Ethel’s Guidelines For Making Herb Vinegar
Copyright 2001 by Alleta Huston – All rights reserved.
The following are the guidelines that I have perfected over the last 18 years of teaching and making herb-flavored vinegar. The method used is for a mild delicate flavored vinegar that is pleasing to the eye, as well as delicious used in cooking. Ethel was my gardening Grandmother’s name. She is the one that inspired me to grow plants and do crafts. I loved her very much.
Use a good quality vinegar. Either white wine vinegar (my favorite), red wine vinegar, rice wine vinegar, or apple cider vinegar (not apple cider flavored distilled vinegar). Save the distilled vinegar for washing windows. Be sure vinegar is at least 5% acidity.
Bamboo skewers (long and short), plastic funnel, and plastic measuring spoons. Never use any metal utensils or bowls for marinating or preparing any vinegar.
Never use any metal utensils of any kind to prepare or store vinegar. This includes the stoppers as well.
Never use ground herbs or spices as this will make the vinegar cloudy.
Never store in a sunny window as this will also make the vinegar cloudy eventually.
HERBS AND SPICES:
Fresh herbs should be gently washed and patted dry with a paper towel. Treat any fruits (blueberries, raspberries, etc.) the same. One teaspoon of dried herbs can be substituted for one tablespoon of fresh herbs for flavor, use some fresh parsley or cilantro for artistic effects.
Rosemary in everything
Parsley, Sage, Rosemary and Thyme
Tarragon and Garlic
Dill, Garlic and dried red peppers
Basil, Garlic, and dried red peppers
Opal Basil with white wine vinegar turns it pink
Pineapple Sage blossoms with white wine vinegar turns it reddish
Pineapple Sage, ginger, cranberries, and garlic
Pineapple Sage, spearmint, and lemon thyme
Lemon thyme and sage
GARLIC – should be peeled, rinsed and dried. Be careful pushing the garlic on the skewers they are very sharp (I like to string the garlic cloves on bamboo skewers, lengthwise, insert into bottle gently holding and pushing the clove closest to the opening as you push the skewer down into the bottle, repeat action until the entire skewer is inside). If using elephant garlic cut into small pieces and do as for regular garlic.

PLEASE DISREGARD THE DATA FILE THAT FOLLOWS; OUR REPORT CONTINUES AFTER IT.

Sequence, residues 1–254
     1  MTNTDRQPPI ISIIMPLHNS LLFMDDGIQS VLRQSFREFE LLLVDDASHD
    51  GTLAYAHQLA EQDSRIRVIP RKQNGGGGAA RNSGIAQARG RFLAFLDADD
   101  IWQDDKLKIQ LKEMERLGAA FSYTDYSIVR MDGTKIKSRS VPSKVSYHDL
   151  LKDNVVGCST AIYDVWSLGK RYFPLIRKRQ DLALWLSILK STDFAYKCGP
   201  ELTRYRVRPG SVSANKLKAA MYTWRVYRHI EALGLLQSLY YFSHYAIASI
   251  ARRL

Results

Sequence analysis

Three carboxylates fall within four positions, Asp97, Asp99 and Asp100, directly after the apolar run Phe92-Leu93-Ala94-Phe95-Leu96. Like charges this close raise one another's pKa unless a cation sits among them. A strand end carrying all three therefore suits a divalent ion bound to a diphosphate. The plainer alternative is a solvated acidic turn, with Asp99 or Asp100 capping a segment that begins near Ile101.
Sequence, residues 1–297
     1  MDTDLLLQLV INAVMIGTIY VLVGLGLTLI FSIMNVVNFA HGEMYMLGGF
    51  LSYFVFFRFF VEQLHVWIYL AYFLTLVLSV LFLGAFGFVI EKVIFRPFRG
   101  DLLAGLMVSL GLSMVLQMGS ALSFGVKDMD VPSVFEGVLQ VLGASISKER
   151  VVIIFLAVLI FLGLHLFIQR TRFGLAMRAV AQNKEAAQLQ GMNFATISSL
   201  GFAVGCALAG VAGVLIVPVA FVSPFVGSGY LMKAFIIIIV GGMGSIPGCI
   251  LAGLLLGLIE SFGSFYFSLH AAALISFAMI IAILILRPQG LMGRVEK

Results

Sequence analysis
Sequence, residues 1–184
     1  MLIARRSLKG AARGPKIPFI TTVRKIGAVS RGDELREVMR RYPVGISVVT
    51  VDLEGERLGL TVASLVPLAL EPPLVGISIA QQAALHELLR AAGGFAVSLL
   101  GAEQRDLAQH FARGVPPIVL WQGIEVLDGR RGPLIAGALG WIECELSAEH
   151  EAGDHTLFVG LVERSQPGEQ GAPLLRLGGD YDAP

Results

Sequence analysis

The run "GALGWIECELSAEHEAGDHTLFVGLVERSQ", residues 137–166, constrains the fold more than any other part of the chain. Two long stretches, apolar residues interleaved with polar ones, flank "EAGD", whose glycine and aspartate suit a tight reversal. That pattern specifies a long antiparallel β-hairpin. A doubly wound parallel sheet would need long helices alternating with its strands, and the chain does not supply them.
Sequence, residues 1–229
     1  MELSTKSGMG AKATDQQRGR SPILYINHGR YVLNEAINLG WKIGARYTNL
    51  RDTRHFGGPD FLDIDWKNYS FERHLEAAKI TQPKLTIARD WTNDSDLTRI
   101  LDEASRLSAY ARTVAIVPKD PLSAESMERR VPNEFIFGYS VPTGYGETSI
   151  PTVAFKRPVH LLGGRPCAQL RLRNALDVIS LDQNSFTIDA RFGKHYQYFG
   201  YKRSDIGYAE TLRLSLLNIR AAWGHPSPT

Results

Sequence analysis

GREEN ONIONS – should be washed, patted dry and the stems cut to bottle length before inserted. Leaving the “root” end on is optional. I like the looks with it on and use it this way quite often. RED OR WHITE ONIONS can be peeled, sliced in rings and added in small amount to most combinations (they can be overpowering).
PEPPERS – should have the top and seeds removed, washed, patted dry and cut into strips that will fit through the bottle top. NOTE: Be sure to wear rubber gloves when working with any hot peppers.
For a recycled 1.5 liter wine bottle, I use 3 or 4 Anaheim peppers, 2 sweet red peppers, 1 sweet green pepper, and 1 or 2 Jalapeno peppers. Garlic is optional. Fill with white wine vinegar and use until it looks “bad,” about 4 months.
DRIED PEPPERS should be cut down one side lengthwise to prevent floating.
SPICES should be used whole, never ground or powdered. Test any mustard seed you use, some will make the vinegar cloudy.
FAVORITES: Juniper Berries, bay leaves, allspice, cloves, coriander seed, cumin seed, peppercorns (all types).
READY, SET, GO:
Take the prepared bottle, add all the spices first.
Next put in garlic skewer (garlic can be dropped in bottom without skewer).
Add fresh herbs, leaving the parsley for last (it’s great for holding down any floating spices). To arrange the fresh herbs, use a long bamboo skewer as a tool.
Finish by adding your favorite vinegar. Fill to 1/2 inch of the top and push stopper in 1/2 way.
Let set 24 hours and then refill again (the herbs and spices will soak up some of the vinegar).
It is now ready and can be used right away. The flavor will become stronger as it sits.After using, refill with vinegar right away and most will last 6 to 8 months. Plant material must remain covered with vinegar.
Now that I have made it, what can I do with it?
- Herb vinegar can be used in cooking in equal amounts where wine, fruit juice, plain vinegar, lemon, or lime juice is called for.
- Add it to bottled barbecue sauce.
- Use it in a homemade mustard recipe.
- Make a basting brush by tying 3 or 4 six-inch pieces of rosemary together at the top with cotton string. Yum!
- Use it in your favorite vinaigrette dressing ( one part vinegar to two or three parts olive oil, salt and pepper to taste) or marinade.
Questions and Answers on Making Herb Vinegar:
I’ve seen some recipes for herb vinegars that suggest heating the wine vinegar first, but I noticed you did not do that. Would you please comment as to why you don’t and if heating is an acceptable way to make.